Suddenly, a large Christian corporation wasn’t imposing its reactionary views on its employees. It was merely begging for “religious tolerance” from a cruel federal government.

snip

http://www.slate.com/articles/news_and_p...nald_trump.html

#5 RE: NEIL GORSUCH IS NOT A VILLAIN -- Slate by ThirstyMan 01.02.2017 01:51

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Quote: ThirstyMan wrote in post #4
Neil Gorsuch Is Nothing Like Donald Trump -- Slate
He's principled, dexterous, and eloquent.
By Mark Joseph Stern

Unfortunately for the Greens, their religious beliefs did not exactly align with science: The contraceptives they opposed, like IUDs, did not really terminate pregnancies. But Gorsuch argued that this fact did not matter:


****************

Unfortunately for the Greens, their religious beliefs did not exactly align with science

Wait!!! Is this true? NO!!!!

There are some seldom publicized facts regarding the Hobby Lobby birth control case and they are well addressed in this 2014 Atlantic Magazine article:
Here's Why Hobby Lobby Thinks IUDs Are Like Abortions
By OLGA KHAZAN, MAR 12, 2014

http://www.theatlantic.com/health/archiv...ortions/284382/

*********

The next big Obamacare battle hinges partly on an inch-long piece of plastic wrapped in copper. The Supreme Court will soon decide whether companies—in this case, the Pennsylvania cabinet-maker Conestoga Wood and the Christian crafts chain Hobby Lobby—can deny insurance coverage for certain forms of birth control, a provision mandated by the Affordable Care Act, on religious grounds.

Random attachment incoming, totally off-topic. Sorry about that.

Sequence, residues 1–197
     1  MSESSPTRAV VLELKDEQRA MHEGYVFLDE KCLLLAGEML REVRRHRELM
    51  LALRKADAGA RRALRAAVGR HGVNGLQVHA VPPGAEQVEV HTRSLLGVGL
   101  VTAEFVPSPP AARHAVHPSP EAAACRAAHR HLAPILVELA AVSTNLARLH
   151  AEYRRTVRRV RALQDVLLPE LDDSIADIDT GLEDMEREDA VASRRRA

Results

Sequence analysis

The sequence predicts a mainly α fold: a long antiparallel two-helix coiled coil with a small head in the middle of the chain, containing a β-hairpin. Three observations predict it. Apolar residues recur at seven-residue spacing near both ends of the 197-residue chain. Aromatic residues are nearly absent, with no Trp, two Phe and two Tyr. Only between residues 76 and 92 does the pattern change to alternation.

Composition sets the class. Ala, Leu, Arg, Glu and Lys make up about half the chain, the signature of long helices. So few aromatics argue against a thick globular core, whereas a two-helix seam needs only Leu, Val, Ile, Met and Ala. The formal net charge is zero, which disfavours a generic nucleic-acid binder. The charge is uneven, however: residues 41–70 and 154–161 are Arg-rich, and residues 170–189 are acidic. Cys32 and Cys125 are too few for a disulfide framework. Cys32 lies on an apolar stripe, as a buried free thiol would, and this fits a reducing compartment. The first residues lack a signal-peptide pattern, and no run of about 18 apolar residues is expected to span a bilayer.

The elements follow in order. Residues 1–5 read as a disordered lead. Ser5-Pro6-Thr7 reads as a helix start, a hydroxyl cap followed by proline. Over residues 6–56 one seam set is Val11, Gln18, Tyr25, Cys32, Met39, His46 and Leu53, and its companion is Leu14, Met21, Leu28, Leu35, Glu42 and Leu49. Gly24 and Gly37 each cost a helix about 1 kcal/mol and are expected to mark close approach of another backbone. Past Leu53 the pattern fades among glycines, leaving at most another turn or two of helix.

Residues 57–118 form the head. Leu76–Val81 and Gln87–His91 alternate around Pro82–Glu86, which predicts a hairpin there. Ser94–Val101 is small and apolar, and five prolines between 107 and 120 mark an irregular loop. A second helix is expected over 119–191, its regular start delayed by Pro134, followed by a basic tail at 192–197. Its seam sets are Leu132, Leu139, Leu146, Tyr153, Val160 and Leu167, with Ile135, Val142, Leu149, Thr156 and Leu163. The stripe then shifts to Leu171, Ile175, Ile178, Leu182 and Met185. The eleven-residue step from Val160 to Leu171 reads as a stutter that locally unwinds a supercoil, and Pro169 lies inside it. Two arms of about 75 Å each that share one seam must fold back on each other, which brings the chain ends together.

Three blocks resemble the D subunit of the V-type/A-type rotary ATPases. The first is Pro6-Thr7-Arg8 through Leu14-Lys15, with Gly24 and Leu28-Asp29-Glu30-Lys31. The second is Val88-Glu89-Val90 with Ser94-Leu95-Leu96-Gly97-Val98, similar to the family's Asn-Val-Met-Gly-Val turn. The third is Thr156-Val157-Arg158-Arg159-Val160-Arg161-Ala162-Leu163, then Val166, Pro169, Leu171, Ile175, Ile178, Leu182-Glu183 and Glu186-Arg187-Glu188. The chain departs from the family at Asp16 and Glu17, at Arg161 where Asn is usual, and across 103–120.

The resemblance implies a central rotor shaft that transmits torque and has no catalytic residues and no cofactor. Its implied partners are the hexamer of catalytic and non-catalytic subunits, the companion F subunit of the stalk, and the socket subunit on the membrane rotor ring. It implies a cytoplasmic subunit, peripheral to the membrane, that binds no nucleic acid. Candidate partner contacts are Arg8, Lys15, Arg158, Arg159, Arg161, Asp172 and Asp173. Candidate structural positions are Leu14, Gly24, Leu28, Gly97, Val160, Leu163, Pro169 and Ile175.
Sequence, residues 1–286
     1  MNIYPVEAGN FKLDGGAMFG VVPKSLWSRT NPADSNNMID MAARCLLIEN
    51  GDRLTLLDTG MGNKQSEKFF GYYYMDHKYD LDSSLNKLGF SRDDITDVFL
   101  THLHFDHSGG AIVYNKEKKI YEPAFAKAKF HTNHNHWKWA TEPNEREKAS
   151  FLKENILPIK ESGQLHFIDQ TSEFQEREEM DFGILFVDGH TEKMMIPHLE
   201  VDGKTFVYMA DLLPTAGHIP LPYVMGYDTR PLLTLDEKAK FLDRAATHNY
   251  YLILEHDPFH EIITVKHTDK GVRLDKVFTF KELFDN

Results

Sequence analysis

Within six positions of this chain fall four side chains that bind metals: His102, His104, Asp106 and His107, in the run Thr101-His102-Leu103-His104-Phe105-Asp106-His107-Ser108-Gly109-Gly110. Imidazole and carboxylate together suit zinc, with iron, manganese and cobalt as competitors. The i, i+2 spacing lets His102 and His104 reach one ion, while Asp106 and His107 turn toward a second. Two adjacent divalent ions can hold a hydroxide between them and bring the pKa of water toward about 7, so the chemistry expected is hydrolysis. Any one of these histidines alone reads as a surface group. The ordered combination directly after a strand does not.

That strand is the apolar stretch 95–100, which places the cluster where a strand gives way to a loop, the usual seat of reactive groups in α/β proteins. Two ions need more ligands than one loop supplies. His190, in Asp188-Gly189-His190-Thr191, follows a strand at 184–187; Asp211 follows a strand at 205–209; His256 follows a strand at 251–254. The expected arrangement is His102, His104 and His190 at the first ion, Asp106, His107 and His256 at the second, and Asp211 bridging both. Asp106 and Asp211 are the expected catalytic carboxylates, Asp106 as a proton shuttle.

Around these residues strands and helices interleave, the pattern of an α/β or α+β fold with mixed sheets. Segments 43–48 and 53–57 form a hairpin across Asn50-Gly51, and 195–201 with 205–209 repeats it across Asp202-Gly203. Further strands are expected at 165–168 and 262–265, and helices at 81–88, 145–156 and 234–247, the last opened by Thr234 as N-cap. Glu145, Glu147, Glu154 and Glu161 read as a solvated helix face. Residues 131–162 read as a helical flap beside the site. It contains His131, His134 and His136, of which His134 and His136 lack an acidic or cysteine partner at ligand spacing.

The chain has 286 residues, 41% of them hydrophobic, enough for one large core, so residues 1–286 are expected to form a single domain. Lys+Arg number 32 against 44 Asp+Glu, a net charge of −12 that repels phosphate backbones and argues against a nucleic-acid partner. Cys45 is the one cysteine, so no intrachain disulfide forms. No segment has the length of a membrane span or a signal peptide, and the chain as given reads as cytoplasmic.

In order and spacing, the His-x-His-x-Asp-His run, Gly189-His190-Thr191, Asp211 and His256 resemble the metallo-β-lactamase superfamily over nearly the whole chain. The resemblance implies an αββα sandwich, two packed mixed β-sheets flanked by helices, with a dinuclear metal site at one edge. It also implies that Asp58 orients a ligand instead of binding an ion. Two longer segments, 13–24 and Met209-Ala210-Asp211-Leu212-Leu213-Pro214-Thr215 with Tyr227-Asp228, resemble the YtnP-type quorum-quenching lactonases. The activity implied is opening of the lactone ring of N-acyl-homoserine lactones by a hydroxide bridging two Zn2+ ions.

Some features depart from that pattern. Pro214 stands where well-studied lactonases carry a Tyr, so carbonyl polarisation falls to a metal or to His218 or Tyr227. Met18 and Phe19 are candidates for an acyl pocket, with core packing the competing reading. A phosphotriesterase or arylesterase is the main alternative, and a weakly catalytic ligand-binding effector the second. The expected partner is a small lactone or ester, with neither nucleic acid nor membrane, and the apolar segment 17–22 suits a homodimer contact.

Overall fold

This case has gotten a bit confusing because Hobby Lobby already covers 16 types of birth control, including birth control pills. The company’s resistance is specifically to two types of emergency “morning after pills”—Plan B and Ella—as well as a more long-term form of birth control, a T-shaped widget known as a intrauterine device, or IUD.

There are two major types of IUDs: hormonal and copper. Both kinds work by making it harder for the sperm to reach the egg (more on this later), and they are very effective—only about one woman out of 100 will get pregnant with one. IUDs are the most common form of birth control worldwide, but only about 8.5 percent of American women use them.

So why are they these little baby-proofing contraptions the subjects of a Supreme Court case?

Hobby Lobby claims that IUDs and morning-after pills are more like abortifacients, meaning they kill fertilized embryos, than they are like contraceptives. And their reasoning rests on the fact that, with the exception of condoms, we don’t know exactly how most forms of birth control work, every time they work.

snip

So, does an IUD kill the would-be fetus or simply prevent the egg and sperm from becoming a fetus? It depends on your definition of pregnancy. Most doctors agree that a pregnancy occurs when the fertilized egg attaches to the uterus, but many people, including Hobby Lobby executives, think it happens when the egg becomes fertilized by the sperm. To them, if something interferes with a fertilized egg’s assemblé to the uterus, it’s an abortion.